and, via:

About • NJIT; which tells us that: "NJIT offers 92 undergraduate and graduate degree programs in six specialized schools".

Thus, even though you might not have heard them mentioned on "College Game Day", they ain't the Dogpatch School of Beekeeping and Pottery Throwing; and, they likely know a little bit about engineering. So much so, in fact, that our own United States Department of Energy, as you will see, paid them to figure out some of the specifics of using Coal Ash in structural concrete.)

Abstract: The present invention relates to concrete, mortar and other hardenable mixtures comprising cement and fly ash for use in construction. The invention includes a method for predicting the compressive strength of such a hardenable mixture, which is very important for planning a project. The invention also relates to hardenable mixtures comprising cement and fly ash which can achieve greater compressive strength than hardenable mixtures containing only concrete over the time period relevant for construction. In a specific embodiment, a formula is provided that accurately predicts compressive strength of concrete containing fly ash out to 180 days. In other specific examples, concrete and mortar containing about 15% to 25% fly ash as a replacement for cement, which are capable of meeting design specifications required for building and highway construction, are provided. Such materials can thus significantly reduce construction costs.

Government Interests: The research leading to the present invention was conducted with Government support under Contract No. DE-FG22-90PC90299 awarded by the Department of Energy. The Government has certain rights in this invention.

Claims: A high early strength concrete consisting essentially of about 1 part by weight cementitious materials, about 1 to about 3 parts by weight fine aggregate, about 1 to about 5 parts by weight coarse aggregate, and ...  wherein the cementitious materials comprise from about 10% to about 35% by weight fly ash and about 65% to about 90% by weight cement, wherein the fly ash (is of particle sizes specified).

The concrete ... wherein the fine aggregate comprises sand and fly ash, wherein a ratio by weight of sand to fly ash (can be) about 1:1.

The concrete ... further comprising silica fume.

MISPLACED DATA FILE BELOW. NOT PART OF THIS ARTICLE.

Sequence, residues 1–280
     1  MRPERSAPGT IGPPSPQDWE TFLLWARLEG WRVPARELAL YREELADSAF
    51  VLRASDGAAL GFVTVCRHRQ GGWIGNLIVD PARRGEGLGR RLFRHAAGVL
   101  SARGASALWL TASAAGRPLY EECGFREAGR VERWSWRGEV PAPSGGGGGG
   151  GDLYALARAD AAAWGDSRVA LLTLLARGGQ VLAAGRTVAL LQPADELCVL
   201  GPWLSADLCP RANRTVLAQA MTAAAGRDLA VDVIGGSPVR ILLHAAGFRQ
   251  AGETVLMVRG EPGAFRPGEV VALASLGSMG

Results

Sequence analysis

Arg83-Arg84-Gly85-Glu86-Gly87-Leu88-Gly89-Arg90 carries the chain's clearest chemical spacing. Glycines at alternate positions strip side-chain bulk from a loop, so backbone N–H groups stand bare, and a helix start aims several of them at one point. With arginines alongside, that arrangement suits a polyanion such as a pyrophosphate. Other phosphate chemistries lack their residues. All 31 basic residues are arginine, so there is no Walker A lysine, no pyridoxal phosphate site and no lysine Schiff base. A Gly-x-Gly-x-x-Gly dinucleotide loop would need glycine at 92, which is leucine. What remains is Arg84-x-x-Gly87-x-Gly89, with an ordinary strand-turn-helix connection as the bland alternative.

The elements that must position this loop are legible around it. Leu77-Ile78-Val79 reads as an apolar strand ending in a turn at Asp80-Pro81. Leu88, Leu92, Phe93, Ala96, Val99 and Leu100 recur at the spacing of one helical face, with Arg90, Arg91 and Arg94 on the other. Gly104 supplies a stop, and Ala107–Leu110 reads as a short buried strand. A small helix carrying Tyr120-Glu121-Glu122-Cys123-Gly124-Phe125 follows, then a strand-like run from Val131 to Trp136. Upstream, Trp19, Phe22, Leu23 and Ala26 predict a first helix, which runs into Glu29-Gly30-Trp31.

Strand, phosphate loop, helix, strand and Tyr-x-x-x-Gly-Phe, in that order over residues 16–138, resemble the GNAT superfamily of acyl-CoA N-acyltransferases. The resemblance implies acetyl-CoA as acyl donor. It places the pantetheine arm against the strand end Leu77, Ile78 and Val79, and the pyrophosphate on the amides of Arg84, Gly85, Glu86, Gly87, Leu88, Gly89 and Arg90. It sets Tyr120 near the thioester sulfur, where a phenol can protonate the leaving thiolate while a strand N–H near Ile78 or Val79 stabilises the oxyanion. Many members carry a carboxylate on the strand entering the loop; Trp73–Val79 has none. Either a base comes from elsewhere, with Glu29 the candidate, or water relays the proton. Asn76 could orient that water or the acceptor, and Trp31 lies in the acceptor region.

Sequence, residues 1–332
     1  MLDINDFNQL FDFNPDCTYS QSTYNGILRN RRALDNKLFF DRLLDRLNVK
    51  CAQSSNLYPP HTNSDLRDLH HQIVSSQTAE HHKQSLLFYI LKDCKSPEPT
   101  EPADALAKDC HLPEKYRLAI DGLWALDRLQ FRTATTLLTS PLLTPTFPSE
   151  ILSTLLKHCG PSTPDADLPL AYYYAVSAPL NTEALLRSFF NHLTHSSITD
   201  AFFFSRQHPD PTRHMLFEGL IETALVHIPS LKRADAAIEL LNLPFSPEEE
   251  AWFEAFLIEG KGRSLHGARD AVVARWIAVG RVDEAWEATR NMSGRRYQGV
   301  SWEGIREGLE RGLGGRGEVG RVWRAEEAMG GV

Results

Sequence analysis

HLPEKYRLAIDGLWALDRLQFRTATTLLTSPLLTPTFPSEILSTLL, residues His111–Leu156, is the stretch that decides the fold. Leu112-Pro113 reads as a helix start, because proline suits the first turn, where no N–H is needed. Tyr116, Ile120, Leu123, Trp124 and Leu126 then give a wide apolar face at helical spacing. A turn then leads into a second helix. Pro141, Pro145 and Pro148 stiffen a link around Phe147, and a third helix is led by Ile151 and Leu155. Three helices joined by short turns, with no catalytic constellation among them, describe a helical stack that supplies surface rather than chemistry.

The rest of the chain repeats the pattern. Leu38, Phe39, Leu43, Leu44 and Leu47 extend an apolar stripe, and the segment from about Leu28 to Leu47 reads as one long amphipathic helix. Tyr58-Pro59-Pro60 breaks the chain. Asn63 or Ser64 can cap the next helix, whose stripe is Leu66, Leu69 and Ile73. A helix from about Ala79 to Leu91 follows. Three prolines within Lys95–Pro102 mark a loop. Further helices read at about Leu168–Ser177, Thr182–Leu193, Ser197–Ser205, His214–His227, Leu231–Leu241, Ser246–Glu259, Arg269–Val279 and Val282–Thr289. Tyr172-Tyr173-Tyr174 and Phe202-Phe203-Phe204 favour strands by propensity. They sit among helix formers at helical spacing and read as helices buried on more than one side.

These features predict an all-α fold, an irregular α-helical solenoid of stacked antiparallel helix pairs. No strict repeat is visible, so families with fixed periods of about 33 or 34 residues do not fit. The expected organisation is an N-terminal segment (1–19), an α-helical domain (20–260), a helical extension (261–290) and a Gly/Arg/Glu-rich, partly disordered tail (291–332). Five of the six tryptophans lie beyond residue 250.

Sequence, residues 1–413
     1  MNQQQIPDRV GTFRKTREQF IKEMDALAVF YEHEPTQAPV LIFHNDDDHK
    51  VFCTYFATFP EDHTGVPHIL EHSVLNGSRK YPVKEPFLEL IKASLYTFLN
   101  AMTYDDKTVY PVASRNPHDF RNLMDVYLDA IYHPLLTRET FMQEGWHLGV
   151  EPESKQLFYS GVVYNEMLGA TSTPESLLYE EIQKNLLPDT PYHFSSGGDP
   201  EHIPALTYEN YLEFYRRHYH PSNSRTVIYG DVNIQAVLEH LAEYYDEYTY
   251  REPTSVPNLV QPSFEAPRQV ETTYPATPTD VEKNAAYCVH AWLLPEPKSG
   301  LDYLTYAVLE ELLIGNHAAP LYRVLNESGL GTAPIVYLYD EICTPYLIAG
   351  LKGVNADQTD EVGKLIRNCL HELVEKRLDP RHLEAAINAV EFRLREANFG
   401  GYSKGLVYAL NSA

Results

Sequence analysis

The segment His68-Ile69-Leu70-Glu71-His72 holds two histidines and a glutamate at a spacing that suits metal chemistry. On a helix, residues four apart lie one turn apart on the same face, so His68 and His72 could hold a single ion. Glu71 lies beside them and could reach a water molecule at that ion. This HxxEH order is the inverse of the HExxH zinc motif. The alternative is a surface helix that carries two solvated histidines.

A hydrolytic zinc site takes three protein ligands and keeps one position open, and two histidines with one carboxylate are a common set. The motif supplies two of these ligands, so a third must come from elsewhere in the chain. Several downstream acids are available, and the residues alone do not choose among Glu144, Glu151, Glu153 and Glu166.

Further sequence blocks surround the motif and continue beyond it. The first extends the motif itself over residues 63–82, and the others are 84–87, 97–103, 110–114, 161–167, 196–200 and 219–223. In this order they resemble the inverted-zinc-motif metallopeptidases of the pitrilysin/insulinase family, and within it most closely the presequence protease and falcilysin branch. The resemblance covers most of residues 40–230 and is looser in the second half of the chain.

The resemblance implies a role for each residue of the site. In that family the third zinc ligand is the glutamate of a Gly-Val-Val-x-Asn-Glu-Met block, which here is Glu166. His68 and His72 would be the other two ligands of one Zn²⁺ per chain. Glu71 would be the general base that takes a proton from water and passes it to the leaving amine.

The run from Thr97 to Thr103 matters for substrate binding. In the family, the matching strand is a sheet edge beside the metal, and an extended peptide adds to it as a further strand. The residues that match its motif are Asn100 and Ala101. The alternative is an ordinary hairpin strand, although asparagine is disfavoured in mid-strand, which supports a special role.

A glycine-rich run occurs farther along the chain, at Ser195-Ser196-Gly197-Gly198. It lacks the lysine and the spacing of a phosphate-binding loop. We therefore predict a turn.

A high early strength mortar consisting essentially of about 1 part by weight cementitious materials, about 1 to about 3 parts by weight fine aggregate ... wherein the cementitious materials comprise from about 10% to about 35% by weight fly ash and about 65% to about 90% by weight cement ... .

The mortar ... wherein the fly ash is wet bottom boiler fly ash (as specified).

(Thus, again, not only can we productively use the more-commonly objected-to Fly Ash, but the, "bottom boiler ash", i.e., slag, as well, as long as we run it through a common roller or ball mill and reduce it's particle size to those sizes specified by the NJIT in their full Disclosure.)

Background and Field: The present invention relates to concrete, mortar and other hardenable mixtures comprising cement and fly ash for use in construction. The invention includes a method for predicting the compressive strength of such a hardenable mixture, which is very important for planning a project. The invention also relates to hardenable mixtures comprising cement and fly ash which can achieve greater compressive strength than hardenable mixtures containing only concrete over the time period relevant for construction.

(There, again, the improved ultimate physical properties of concrete made using Coal Ash are noted.)

Fly ash, a by-product of coal burning power plant, is produced worldwide in large quantities each year.

It is generally more beneficial for a utility to sell its ash, even at low or subsidized prices, rather than to dispose of it in a landfill, since this will avoid the disposal cost. In the 1960's and 70's the cost of ash disposal was typically less than $1.00 per ton. However, due to the more stringent environmental regulations starting in the late 1970's, the cost of ash disposal has rapidly increased to from $2.00 to $5.00 per ton and is still rising higher. The shortage of landfill due to environmental concerns has further escalated the disposal cost.